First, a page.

We Analyze Destiny: The Taken King’s Eight New Crucible Maps
Destiny’s Crucible has always given players the opportunity to visit new and exotic locations within Bungie’s universe, and the upcoming Taken King expansion will add eight new stamps to players’ virtual passports. While Bungie used to design maps to cater to a particular game mode, most of the maps in The Taken King are more like jack-of-all-trades that work well in almost every game type, though some still shine brightest in particular modes. To get a better sense for these locales, senior multiplayer designer Andrew Weldon walked us through each map, detailing their unique features.
This map should be recognizable to most Destiny players since it’s set on a Tower that’s similar to the one players congregate on in-between missions. This tower, however, is set on the other side of the city and has long been abandoned. Bannerfall is a good mid-sized map well-suited to matches of Control, and its symmetry works well for Rift matches. A large open courtyard evokes the memory of the actual Guardian Tower, while an angled back alley offers a sneaky path to victory.
Bungie’s Take: “At one time there was a fourth faction that held court in this tower along with the beginnings of the New Monarchy faction. You can see that in the banners on each side of the map. On one side you have the familiar New Monarchy logo, but on the other you have this unfamiliar logo that is still tattered and torn from when this faction used to exist.”
This is another map set far out on the city perimeter of Earth. The location is a transfer/relay station, shuttling supplies to other perimeter stations such as the Twilight Gap map from the original release of Destiny. Frontier is a semi-symmetric map built around a train yard. A train track cuts through the middle of the map and runs across a bridge, which is a central landmark for the map and a bottleneck for combat. Frontier features a lot of good sniper sightlines, and has a good mix of open and closed spaces for firefights. It’s also a showcase Rift map.
Bungie’s Take: “One of the landmarks on the map is a little gondola platform, which is actually the same gondola you see in Twilight Gap. The idea is that these two maps are connected to each other. In the skybox, you can actually see that little outpost up in the mountains.”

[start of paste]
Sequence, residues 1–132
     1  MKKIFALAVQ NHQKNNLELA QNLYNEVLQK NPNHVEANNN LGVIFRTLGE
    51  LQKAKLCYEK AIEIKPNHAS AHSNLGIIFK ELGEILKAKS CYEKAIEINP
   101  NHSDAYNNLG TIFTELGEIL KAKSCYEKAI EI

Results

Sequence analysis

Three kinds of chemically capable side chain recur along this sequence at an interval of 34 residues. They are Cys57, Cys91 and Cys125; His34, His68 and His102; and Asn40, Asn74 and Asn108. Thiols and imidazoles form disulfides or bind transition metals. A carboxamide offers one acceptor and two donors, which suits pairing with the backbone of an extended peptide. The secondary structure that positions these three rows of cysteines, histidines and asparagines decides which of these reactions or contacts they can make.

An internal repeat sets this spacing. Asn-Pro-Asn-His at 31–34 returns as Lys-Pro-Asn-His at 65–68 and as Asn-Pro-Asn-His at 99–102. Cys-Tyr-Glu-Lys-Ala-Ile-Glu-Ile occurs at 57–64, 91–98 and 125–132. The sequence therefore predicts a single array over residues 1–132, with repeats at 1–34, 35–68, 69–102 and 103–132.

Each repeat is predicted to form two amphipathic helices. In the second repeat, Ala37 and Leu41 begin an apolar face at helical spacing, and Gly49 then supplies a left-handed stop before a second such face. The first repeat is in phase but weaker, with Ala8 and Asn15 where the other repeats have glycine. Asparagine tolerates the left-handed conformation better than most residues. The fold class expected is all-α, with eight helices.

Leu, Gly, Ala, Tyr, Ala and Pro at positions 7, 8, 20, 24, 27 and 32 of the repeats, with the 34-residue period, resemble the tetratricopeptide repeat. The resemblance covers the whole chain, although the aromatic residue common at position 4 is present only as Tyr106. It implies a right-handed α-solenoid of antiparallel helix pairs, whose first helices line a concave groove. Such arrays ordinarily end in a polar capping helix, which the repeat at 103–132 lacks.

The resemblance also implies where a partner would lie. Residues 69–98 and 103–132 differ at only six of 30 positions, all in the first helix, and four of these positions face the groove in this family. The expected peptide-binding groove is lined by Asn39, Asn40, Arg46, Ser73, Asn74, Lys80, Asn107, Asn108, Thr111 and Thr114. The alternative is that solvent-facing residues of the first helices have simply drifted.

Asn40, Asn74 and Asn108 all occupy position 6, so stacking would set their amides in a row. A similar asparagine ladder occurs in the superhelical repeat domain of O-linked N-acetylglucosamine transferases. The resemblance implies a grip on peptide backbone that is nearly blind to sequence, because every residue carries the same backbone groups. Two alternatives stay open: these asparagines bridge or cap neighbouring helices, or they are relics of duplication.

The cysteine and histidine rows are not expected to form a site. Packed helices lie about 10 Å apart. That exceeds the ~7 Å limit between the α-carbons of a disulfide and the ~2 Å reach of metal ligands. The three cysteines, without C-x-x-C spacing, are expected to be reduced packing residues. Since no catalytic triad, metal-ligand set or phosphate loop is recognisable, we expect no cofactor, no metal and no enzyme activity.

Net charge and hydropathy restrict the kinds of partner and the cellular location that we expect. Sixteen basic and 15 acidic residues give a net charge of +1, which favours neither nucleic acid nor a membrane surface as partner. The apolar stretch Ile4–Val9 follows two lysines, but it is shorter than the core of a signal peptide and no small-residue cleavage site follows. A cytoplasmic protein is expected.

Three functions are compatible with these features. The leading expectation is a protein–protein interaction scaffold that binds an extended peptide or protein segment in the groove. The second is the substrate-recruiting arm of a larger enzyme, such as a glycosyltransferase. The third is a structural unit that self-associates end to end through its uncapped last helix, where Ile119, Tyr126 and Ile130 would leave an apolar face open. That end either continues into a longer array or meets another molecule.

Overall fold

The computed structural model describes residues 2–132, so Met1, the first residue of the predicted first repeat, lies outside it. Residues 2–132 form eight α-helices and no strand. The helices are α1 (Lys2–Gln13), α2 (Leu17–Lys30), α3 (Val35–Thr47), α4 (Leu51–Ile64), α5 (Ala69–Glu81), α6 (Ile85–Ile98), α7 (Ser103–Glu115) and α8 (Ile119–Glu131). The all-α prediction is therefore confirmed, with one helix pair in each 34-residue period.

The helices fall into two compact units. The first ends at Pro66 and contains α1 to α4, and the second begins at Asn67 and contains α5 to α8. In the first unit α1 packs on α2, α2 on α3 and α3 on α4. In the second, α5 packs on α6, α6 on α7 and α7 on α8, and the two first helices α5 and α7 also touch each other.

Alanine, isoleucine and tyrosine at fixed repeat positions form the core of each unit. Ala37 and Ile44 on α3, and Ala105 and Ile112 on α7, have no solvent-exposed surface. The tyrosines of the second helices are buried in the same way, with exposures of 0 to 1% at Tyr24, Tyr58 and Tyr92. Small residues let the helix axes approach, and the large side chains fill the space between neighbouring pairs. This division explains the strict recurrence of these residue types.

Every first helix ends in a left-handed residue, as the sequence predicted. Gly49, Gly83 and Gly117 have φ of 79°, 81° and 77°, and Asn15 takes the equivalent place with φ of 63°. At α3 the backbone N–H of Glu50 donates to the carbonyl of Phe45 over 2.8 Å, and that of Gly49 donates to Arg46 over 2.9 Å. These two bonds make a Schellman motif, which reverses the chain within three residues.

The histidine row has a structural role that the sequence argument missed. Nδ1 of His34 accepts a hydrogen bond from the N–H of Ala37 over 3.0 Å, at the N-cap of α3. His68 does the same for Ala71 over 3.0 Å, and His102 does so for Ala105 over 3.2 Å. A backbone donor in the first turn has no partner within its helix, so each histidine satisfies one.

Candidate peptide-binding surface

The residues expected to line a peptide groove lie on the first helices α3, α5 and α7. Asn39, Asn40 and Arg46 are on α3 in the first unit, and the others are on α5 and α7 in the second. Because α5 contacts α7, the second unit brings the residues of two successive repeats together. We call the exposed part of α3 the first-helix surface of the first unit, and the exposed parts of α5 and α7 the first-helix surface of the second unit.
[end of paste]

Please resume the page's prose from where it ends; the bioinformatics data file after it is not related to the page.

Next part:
This Vex structure on Mars is one of only two maps featuring teleporters. Crossroads is overgrown with the giant vegetation that formed on Mars in the wake of the traveler’s arrival. This map is a really good showcase for Mayhem matches, since it allows players to launch themselves into the air and teleport away while their special attacks quickly recharge. The main body of the map is separated from a smaller island reachable by launchers. Fights here tend to be chaotic.
Bungie’s Take: “It’s an interesting mix of that familiar Vex architecture that leans a little bit more towards metallic instead of crumbled stone, and there are giant rotted-out tree stumps that provide some good cover. It’s almost two maps, because there is an entire chunk that functions as its main body where the teams spawn, and then there is a separate island that is a gnarled mass of trees and roots set way off to the side. They’re connected via launchers that catapult you across the map as well as three sets of teleporters.”
Clumsy Guardians could easily find themselves falling to their death while crossing Sector 618’s various floating platforms. Expect a lot of leaping and platforming. Sector 618 features a square layout that has two bridges crossing a central chasm, and is the new PlayStation 4 exclusive map. The map is set inside the Cosmodrome wall, so it should feel familiar to anyone who recalls Destiny’s early story mission that has players facing off against an advancing tide of Fallen slipping through the darkness.